The earthquake also lasted for a very long time. About an hour and a half!
Last weekend, Marslander InSight celebrated its 1,000th day on Mars. That party was accompanied by a special reveal. InSight recorded one of the largest Martian earthquakes on record. The earthquake measured a magnitude of 4.2 and — for an hour and a half — also entered the books as the longest earthquake detected by InSight to date.
It would have been close if InSight had missed this big earthquake. Because it was originally intended that all of the lander’s scientific instruments – including the seismometer – would be off for a few months. A necessary evil, because Mars revolves around the sun in an elliptical orbit and accelerates toward apogee (the point in the orbit farthest from the sun). In the period around the apogee, less sunlight fell on InSight’s already dusty solar panels. To prevent the lander from suffering from power shortages and not being able to keep important parts – such as the onboard computer and heating – running, all less critical energy consumers are planned to be shut down for a few months sometime in June.
But then the InSight team came up with a very innovative way to clear some of the dust from the solar panels and thus increase the energy yield. On a windy day, InSight’s robotic arm was allowed to scrape off some sand and then grains of sand fell back next to the solar panels. It was hoped that at least some of the sand – with the help of the wind – would bounce off the solar panels and pick up some dust particles, before the wind would carry them away again. The approach succeeded. And thanks to the slightly clean solar panels, there was also enough energy available at a greater distance from the sun to keep the seismometer running.
Three big orgasms
It paid off. Because the main earthquake observed by the seismometer this weekend is already the third major earthquake that InSight has recorded in a month. At the end of August, two earthquakes of magnitude 4.2 and 4.1 were recorded in one day.
The strongest earthquake recorded by Insight before August 2021 was a magnitude 3.7. This earthquake was detected in 2019. By comparison, a magnitude 4.2 earthquake has five times more energy than a magnitude 3.7 earthquake.
Earthquakes on Mars are of great value to scientists. Earthquakes produce seismic waves that change as they travel through Mars’ crust, mantle, and core. By studying the waves and the changes they go through, researchers can gain more insight into the formation of Mars.
The last major earthquake – which occurred at the end of last week – has yet to be analyzed. But the late August tremors have already been investigated. The research shows that the 4.2-magnitude earthquake occurred at a distance of at least 8,500 kilometers from Insight. This makes it the most distant earthquake that InSight has detected so far. The source of the earthquake is not yet clear. What is certain is that it cannot have originated in the place where most of the earthquakes detected by InSight were generated: Cerberus Fossae, an area about 1,600 kilometers from InSight. An interesting possibility is that the earthquake that InSight recorded in late August originated in Valles Marineris – a massive fault system on Mars. The heart of this valley system is located approximately 9,700 kilometers from InSight.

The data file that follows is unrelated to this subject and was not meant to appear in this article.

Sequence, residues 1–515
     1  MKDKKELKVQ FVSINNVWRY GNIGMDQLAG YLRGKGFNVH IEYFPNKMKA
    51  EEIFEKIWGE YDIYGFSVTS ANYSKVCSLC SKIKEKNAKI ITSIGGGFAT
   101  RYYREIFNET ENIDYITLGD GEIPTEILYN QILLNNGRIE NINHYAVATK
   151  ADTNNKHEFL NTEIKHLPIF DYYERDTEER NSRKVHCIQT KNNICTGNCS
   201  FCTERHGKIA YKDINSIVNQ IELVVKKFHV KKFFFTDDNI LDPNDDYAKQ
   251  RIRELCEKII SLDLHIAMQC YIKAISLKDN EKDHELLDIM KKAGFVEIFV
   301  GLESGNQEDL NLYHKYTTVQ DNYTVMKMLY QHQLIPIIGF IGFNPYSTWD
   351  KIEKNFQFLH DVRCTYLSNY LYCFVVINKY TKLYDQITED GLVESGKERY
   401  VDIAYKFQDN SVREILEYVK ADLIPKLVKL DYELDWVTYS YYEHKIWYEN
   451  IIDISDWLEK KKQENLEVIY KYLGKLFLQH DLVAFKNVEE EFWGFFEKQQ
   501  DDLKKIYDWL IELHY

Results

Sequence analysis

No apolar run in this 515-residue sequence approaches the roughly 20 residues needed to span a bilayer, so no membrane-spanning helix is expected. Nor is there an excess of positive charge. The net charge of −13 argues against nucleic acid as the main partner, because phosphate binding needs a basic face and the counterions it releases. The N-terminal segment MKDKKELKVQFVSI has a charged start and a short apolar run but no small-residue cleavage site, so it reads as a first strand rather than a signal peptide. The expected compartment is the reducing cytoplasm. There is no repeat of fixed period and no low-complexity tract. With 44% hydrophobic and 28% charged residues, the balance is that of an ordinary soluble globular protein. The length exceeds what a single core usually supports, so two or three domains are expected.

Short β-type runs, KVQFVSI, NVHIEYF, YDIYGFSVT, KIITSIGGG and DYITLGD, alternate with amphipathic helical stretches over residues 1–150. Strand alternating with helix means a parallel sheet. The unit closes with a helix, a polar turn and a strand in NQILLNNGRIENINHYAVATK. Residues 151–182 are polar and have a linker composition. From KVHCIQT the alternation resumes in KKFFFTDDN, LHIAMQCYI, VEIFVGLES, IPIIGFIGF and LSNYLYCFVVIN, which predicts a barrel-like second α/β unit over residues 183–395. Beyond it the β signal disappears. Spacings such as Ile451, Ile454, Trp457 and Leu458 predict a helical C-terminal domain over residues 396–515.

What the researchers also noticed is that the two earthquakes detected in late August are very different from each other. For example, the earthquake of magnitude 4.2 was characterized by slow, low-frequency tremors, while the other earthquake, which originated about 925 km from Insight, experienced rapid and high-frequency tremors. The differences are music to the ears of scholars. Recording tremors that originated at different distances from InSight and generate different types of seismic waves is of great value for research into the structure of Mars.
Meanwhile, the distance between Mars and the Sun is shrinking again, and the power InSight can generate using solar panels is increasing nicely. But a new challenge already awaits him: the Mars conjunction. Mars and Earth are on opposite sides of the Sun. Since the sun’s radiation can affect radio signals, there is no temporary connection between Earth and Mars. The last commands will be sent to InSight at the end of this month. Despite the silence of the radio, the seismometer continues to search for tremors.
… has InSight an exercise where it can also conduct research deep into the surface of Mars? With the help of this exercise, NASA wanted to measure the temperature about five meters below the surface of Mars, thus gaining more insight into the amount of heat still coming from the interior of Mars. However, this part of the InSight mission failed. Early this year, NASA threw in the towel; Deep digging turned out to be very difficult.
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